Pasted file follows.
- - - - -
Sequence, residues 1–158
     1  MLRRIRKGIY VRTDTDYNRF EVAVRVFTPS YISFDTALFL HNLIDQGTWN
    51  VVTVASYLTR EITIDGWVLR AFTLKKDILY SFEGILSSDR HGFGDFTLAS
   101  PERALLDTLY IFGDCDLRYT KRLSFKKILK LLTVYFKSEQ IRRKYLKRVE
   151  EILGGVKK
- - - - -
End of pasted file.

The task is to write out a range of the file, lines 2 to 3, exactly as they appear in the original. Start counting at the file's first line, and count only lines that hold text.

     1  MLRRIRKGIY VRTDTDYNRF EVAVRVFTPS YISFDTALFL HNLIDQGTWN
    51  VVTVASYLTR EITIDGWVLR AFTLKKDILY SFEGILSSDR HGFGDFTLAS